I would recommend that you use a Opto Coupler. An Opto coupler consist of a LED (Light Emitting Diode) and a Photo sensitive transistor.
That will create a safety isolation between your motor that creates nasty electrical spikes and your precious Raspberry Pi.
Take a look at the Youtube video for more detailed info https://www.youtube.com/watch?v=pYENAGK8qH4
The 50 mA limit is for the GPIO.
The 3V3 pins are not GPIO.
You can draw as much current from the 3V3 pins as is available from the power supply. If you attempt to draw more current than is available the Pi will reboot.
6V motors usually work fine with 5V (other than the fact that they run at 80%..85% of it max speed). However, powering a motor from the Pi is only possible for very small motors, which have stall current that the Pi can provide without a significant voltage drop. Even toy motors are often rated for 2A stall current or more, which can easily reboot the Pi ...
The most helpful link on that I found is this one: https://business.tutsplus.com/tutorials/controlling-dc-motors-using-python-with-a-raspberry-pi--cms-20051.
The diagram below shows essentially how the L293D works:
However, I strongly recommend you use an L298 motor driver instead because the amps out for the L293D is maxed at 600mA (the stall current is ...
There is more than one type of motor driver board using the L298N.
The typical board has two voltage inputs and a common ground.
One voltage input is to drive the motors. The other voltage input is to provide logic power to the module.
Typically the board has a jumper which can be fitted to supply logic power from the motor supply. If that is fitted DO NOT ...
From your description the batteries can not supply enough power for a
sustained period. They are drained after four seconds of use until you give them a period of rest when they recover enough for a few more seconds.
You need more powerful batteries or smaller motors.
The error message reads
RuntimeError: The GPIO channel has not been set up as an OUTPUT*
Notice how for the ENA1 pin you make a call to GPIO.setup() but don't do so for the other pins you are using. You need to set the mode of a pin (to output, in this case) before you attempt to use it.
So you might try something like this:
The circuit from the video in the above YouTube link shows how to use the RPi to turn the motor on or off. To detect whether or not the motor is running, the circuit needs to be modified (see the schematic/diagram below). You won't be using the "here > > > > > >" part of the yellow wire (as seen in your question) because that ...
According to the information given by you, I would like to suggest the setup which will help to control DC Motor / Servo Motor with Raspberry Pi (3/4).
DC Motor Control:
Controlling a DC Motor is easy with a Raspberry Pi. I have used different motor driver (Acc to my application Ex: Cytron, Sabertooth) to control the DC motor, which allows the motor to ...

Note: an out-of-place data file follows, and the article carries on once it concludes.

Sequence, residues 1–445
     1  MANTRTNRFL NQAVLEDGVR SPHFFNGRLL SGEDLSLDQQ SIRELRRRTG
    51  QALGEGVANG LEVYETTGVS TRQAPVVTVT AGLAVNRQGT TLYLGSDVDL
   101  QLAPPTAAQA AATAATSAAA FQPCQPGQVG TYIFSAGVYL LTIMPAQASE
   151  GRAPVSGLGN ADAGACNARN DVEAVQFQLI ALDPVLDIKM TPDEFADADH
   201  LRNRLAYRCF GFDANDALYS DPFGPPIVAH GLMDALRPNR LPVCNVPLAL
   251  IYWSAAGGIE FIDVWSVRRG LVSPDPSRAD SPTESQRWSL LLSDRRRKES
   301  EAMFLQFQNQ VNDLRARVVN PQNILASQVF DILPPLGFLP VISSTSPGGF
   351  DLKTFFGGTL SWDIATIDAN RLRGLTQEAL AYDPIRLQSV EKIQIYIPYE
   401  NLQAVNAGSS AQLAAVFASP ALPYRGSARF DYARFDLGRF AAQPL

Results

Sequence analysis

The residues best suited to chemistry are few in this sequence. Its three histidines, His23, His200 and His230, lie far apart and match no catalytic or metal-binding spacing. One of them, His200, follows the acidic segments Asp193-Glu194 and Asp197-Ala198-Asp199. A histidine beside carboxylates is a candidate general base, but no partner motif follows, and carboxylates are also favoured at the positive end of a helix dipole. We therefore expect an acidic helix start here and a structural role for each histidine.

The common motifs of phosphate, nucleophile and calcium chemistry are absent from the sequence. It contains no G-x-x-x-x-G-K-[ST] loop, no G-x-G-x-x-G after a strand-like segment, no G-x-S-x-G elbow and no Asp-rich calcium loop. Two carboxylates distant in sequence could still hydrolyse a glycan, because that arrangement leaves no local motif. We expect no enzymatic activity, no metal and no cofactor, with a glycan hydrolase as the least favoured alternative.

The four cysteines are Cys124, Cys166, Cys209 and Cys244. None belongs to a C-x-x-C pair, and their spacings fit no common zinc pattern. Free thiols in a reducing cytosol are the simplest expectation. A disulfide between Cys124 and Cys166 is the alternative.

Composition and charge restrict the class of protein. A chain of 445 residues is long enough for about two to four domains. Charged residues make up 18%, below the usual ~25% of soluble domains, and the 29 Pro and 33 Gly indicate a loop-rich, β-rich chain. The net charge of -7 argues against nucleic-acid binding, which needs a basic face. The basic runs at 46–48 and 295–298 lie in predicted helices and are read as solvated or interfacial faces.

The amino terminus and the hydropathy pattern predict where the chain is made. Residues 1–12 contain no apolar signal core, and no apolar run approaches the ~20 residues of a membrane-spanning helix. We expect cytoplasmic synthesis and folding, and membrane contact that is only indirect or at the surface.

My initial problem seems to be irrelevant. I did not understand what was meant by "throttle" which is more of an RC jargon misunderstanding than it is an issue with raspberry pi. (If you're looking for an answer this link shows it pretty well.)
Sorry for being off-topic! Sometimes it's hard to know when you are working from little experience. :)
The L298N module typically has a terminal marked +5V (shown as logic supply 5V on the attached diagram).
As long as you do not connect this terminal to the Pi you will be fine.
I am not going to speculate further without a clear photo of the module you are using.
The L298N module derives its logic supply power from the attached battery/power supply or the ...
You can power a small servo from the Pi provided there is spare power. You don't have to power it from the Pi. If you power it separately then you need to connect the servo's power supply ground and a Pi ground. Just connect the control line directly to a Pi GPIO.
In summary for the servo
+ pin connected to power supply +
- pin connected to power supply ...
Your code is likely too slow and you miss some of the pulses as a result. Try optimizing it, using a faster library (pigpio) or increasing the priority of your process.
In the end, you need to achieve a sampling rate which is at least 8 times the frequency of a single encoder channel (or twice the pulse frequency):
If the target speed you want to measure is ...
You fried your pi because the V+ is wired to PWR+ so you just sent 12V to your pi. There is not much information about this driver board but there is a thread at the raspberry pi forum and someone even made a schematic of the circuit. You can read more info here: https://www.raspberrypi.org/forums/viewtopic.php?t=241060
Appart of V+ being wired to PWR+ there ...
Bouncing means you have extra edges in the signal, so the error you get from it can only be a higher count, not lower.
De-bouncing means your software ignores the edges which come faster than expected, so it can remove those extra edges, or, if the de-bounce time is too high, ignore legitimate edges, leading to a lower count. As far as I can tell there is no ...